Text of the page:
The Ritual Culture of Late Imperial Russia: Performing the Middle Ages
- Author(s): Severina, Yelena N.
- Advisor(s): Koropeckyj, Roman
- Vroon, Ronald
- et al.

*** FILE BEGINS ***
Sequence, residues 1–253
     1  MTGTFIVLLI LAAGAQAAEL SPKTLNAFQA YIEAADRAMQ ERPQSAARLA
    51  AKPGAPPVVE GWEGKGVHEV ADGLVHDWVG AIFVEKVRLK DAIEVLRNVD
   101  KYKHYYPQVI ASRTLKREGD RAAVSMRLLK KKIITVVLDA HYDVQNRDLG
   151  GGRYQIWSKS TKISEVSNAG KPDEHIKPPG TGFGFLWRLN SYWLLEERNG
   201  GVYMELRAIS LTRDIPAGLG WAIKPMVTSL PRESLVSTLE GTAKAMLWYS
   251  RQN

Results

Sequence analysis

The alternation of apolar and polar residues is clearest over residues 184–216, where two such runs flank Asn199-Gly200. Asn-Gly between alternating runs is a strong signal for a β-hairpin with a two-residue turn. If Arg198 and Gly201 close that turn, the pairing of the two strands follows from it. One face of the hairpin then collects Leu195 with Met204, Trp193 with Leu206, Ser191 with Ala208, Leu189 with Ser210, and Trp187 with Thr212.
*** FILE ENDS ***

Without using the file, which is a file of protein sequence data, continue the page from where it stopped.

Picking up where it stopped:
This dissertation examines how the performance of medieval rituals at the tsar’s court, in the dramas of modernist playwrights, and in early cinema can be read as commentaries on the sociopolitical situation during the Russian Empire’s last two decades. These rituals include the commemorative celebrations at the court of Nikolai II, rites of passage in dramas modeled on medieval mystery plays, and costume dramas of early filmmakers. My approach examines these three expressions of the medieval aesthetic and their correlations as homologous actions that were symptomatic of the medieval revival during the fin de siï¿½cle. Ritual thus becomes a way of performing medievalism and hence a constituent part of this phenomenon’s development in the Russian Empire. Two national myths, in particular, which this dissertation investigates, emerge through the performance of these medieval rituals: the myths of tsar (authority) and of revolution (rebellion). “Late Imperial Russia” refers to the period of the last tsar, which lasted from 1894 until his abdication in 1917, with the peak of the medieval revival coinciding with the years preceding World War I, 1894-1914. Assessing these years through political and cultural “performances” of the period allows to present this historical moment as a time of transition that was rife with intimations of social, political, and cultural reforms. Victor Turner’s concept of social drama, together with Richard Schechner’s performance theory, provides a framework for translating these modes of ritualized behavior as aesthetic responses to the sociopolitical conditions of the Russian Empire’s final years.